Johnson himself was understandably cagey on the subject. “I don’t want to discount that this still can’t be won, because this is the Internet, this is 2012,” he told me in September in Durham, New Hampshire. Acknowledging his “reluctance to answer what is an acceptable showing,” Johnson vowed that “we’ll have momentum on Election Day. Does that equate to 2 percent or 12 percent or 42 percent? I don’t know.”

Jim Gray is less shy. “We are running to win,” Gray told Reason TV in July. “That was the condition when I agreed to be Gary Johnson’s running mate, and he’s completely with that. No moral victories, no ‘Let’s make a good showing.’ And the secret to that is, we have to poll at 15 percent by the end of September. If we do, we’ll be a part of the presidential debates, and all the rules will change.”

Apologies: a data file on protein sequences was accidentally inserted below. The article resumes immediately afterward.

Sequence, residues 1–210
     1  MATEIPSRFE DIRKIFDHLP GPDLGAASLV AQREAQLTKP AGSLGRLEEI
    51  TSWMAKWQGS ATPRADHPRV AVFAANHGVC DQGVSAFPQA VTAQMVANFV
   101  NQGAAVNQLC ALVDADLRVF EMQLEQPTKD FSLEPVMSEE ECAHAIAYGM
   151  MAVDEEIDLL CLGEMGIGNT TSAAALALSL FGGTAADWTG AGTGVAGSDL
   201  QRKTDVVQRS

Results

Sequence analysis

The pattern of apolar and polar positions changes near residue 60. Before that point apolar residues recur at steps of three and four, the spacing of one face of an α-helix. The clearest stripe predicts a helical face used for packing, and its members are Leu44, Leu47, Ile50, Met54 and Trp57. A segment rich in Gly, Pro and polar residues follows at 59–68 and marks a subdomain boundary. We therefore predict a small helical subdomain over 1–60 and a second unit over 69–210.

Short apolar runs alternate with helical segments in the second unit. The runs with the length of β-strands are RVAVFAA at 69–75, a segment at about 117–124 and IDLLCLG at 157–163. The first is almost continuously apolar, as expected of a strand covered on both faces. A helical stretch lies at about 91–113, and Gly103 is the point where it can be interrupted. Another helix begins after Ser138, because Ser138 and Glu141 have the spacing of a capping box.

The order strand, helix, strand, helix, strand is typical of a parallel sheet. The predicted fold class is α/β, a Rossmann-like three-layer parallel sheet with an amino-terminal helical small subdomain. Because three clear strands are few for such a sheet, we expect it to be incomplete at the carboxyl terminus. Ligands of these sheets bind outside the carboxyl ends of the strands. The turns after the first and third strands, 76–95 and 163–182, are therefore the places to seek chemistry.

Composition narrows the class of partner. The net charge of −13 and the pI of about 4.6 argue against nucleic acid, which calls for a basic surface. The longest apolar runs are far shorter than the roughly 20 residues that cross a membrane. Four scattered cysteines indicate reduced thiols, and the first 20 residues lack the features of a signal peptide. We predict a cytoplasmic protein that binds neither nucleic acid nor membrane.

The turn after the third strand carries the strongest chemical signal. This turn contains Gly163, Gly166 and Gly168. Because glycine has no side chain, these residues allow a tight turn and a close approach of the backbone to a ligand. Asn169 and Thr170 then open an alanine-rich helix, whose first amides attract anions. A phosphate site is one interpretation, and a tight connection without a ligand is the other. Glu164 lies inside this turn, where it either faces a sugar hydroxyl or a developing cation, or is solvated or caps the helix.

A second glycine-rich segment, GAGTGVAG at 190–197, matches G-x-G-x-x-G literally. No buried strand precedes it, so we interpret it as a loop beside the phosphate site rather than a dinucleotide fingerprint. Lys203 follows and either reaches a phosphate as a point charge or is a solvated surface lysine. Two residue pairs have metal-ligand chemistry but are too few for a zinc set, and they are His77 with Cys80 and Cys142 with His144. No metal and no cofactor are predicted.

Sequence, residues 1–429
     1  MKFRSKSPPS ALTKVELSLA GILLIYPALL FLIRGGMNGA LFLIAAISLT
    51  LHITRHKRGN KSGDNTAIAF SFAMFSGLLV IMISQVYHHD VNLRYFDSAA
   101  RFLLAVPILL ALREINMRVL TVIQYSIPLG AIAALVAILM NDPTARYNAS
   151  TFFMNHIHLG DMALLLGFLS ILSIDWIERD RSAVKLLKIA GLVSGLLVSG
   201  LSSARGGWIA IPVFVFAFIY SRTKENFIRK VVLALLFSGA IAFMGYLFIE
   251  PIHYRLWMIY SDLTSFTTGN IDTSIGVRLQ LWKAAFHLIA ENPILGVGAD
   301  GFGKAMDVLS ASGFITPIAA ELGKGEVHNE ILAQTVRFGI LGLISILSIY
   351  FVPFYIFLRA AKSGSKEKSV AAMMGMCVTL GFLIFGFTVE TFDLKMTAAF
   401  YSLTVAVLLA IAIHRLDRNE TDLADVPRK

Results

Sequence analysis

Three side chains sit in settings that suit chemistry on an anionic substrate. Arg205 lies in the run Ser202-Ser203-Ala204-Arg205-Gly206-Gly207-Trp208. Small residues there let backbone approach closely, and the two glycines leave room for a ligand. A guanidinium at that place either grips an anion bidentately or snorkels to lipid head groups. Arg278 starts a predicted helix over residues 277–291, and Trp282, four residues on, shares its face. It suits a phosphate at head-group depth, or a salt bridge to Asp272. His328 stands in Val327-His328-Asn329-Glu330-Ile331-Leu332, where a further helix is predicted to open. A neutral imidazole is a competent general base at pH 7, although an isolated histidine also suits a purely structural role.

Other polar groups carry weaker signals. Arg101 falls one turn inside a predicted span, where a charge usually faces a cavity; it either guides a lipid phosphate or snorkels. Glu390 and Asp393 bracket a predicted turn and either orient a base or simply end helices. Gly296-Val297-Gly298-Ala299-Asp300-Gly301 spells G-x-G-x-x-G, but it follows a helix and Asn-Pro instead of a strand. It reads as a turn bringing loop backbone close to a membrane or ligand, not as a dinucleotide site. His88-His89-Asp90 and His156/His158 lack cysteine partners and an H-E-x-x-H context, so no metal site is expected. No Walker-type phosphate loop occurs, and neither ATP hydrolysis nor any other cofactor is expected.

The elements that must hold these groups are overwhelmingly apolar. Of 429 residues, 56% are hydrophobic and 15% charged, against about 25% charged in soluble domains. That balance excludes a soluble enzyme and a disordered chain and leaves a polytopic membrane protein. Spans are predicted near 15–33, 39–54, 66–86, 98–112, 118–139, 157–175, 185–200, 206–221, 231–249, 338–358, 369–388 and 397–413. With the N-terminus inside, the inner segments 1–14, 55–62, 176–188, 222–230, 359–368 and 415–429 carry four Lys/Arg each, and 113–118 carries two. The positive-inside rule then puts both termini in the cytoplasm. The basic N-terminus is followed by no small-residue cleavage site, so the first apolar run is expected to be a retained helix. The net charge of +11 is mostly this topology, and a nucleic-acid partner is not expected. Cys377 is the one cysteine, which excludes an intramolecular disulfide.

Some Libertarians say the long-shot hope for the party this year is 5 percent of the popular vote, since that would ensure federal funding for the 2016 campaign. One of those optimists is none other than 1980 nominee Ed Clark. “I expect that he will do four or five times better than I did,” Clark told me during the Libertarian Party convention in Las Vegas this May. “I think this year is like 1980, which was a tremendous year for Libertarians. Everybody was turned off by the government because of Vietnam, people were turned off by the inflation of the ’70s, and people in California were turned on to the thought of small government by Proposition 13. That made a lot of people available for another alternative in 1980. I think there is the same potential here. I think Gary has the personality, the character, and the background to do it.”